I don’t get this point. How would you like to add an item to a non-existent list? You have to define the variable before operating on it.
      And if you mean something like `d[a].append` where d may or may not have element a, you may want to look at collections.defaultdict.

    4. > but the overall language seems sloppy and badly designed
      Tell that to the C designers, with all the “undefined behaviour.”

      Tell that to the Javascript people.
      >console.log(‘1’ == 1);
      >// Expected output: true


      Python is great for smaller programs. I use it all the time.

      Once you get above some level of complexity, you need to switch to a statically typed, compiled language.

      Where that limit lies depends on the tasks at hand.

      The stuff I do at work? Not going to use Python, no way. The code base is enormous. You can’t get along with dynamic typing in that environment.

      Stufff I do at home? Yeah, Python is fine. The projects are small enough that you can readily check what type of object a function expects – by hand, as needed.

    5. What’s wrong with for-loops in Python? They’re way more declarative than using indexes. There are tons of built-in tools that allow for powerful for-loops.

      As for white space and variable typos: get better tools. Using static declaration as a spell checker is silly. It’s not the language’s job to catch your typos: that’s the job of a linter. Separation of concerns is a thing.

      1. A linter is historically a fix to compensate weaknesses of compilers. Later on their functionality was built-in for good reason. Separation of concerns makes a cut at well defined and reasonable boundaries, this is not one.

        Checking if a coding style is followed, yes, that is a separate concern from compiling. But checking if a variable has a clearly defined function throughout its scope is at the core of every compiler.

        This is goes far beyond “spell checking”, it’s completely changing the meaning of code, not just become slightly less readable (what a spell checker fixes).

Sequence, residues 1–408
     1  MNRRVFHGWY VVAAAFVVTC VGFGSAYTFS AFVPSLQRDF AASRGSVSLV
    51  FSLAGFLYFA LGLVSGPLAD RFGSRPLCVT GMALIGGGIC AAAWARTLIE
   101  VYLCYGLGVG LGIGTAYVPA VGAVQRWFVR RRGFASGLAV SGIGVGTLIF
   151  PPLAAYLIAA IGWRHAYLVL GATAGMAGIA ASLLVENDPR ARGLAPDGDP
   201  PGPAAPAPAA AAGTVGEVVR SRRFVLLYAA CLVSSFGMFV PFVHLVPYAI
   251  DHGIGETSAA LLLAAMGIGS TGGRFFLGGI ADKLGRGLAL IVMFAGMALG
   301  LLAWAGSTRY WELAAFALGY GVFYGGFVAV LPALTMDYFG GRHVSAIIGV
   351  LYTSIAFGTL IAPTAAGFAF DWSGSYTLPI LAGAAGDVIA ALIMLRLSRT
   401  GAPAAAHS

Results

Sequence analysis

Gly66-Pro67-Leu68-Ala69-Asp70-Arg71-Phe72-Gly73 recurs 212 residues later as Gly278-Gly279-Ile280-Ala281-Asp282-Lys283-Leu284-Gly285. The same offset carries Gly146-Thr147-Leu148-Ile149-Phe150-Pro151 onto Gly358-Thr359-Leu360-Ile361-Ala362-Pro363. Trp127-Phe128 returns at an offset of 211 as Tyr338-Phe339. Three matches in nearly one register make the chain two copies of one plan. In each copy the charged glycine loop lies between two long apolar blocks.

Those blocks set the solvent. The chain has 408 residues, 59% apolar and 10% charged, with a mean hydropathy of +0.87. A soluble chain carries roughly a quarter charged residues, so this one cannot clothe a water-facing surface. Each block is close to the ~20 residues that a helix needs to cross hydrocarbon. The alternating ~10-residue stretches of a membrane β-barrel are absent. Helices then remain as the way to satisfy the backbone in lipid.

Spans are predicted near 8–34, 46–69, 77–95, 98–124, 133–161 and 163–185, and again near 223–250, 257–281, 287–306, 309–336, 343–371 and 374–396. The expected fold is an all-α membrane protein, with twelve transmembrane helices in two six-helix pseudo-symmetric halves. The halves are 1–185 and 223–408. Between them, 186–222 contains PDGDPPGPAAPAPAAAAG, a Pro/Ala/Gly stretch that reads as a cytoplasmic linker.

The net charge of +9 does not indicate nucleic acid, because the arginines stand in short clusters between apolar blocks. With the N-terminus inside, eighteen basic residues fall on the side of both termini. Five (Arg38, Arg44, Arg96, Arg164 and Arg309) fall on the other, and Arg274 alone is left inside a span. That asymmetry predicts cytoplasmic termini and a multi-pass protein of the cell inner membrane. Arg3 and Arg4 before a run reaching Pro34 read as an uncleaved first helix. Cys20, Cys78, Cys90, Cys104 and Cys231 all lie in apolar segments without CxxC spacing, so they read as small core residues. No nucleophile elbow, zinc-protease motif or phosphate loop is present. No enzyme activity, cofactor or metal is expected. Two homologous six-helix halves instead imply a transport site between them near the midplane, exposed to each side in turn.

3. People here are funny! Some of these comments just show how many of you are just playing the Mr. know it all. How many of you have built large scale applications, used by millions of people on a daily basis? Do you know how many Python(version 2 and 3) applications are there that match that description? Come on people! Some of you here just sound jealous about Python being preferred over your C/C++ for a ton of projects. The language design some here are complaining about is what mathematicians and co. like and so far Python has been more successful than any other language at supporting those most of the related use cases. Talking about small projects , have you ever read the source code of the AWS CLI? People here talk like they were some Bjarne Stroustrup or a Guido. Some comments here are crazy!

  4. When I code for Arduino in C, I also use some funny preprocessor definitions for time calculations. The basic time unit is milliseconds, so to transform the values into something more meaningful, I use these definitions:

    #define seconds *1000
    #define minutes *60*1000
    #define hour *3600*1000
    #define hours *3600*1000

    Then, in the sketch that controls my garden watering system, I can use lines like these:

    unsigned long autoWaterRunningTime = (unsigned long) 16 seconds;
    unsigned long maxRunningTime = (unsigned long) 4 minutes + 15 seconds;

    I don’t know if is bad or good style, but I don’t care cause it works for me :)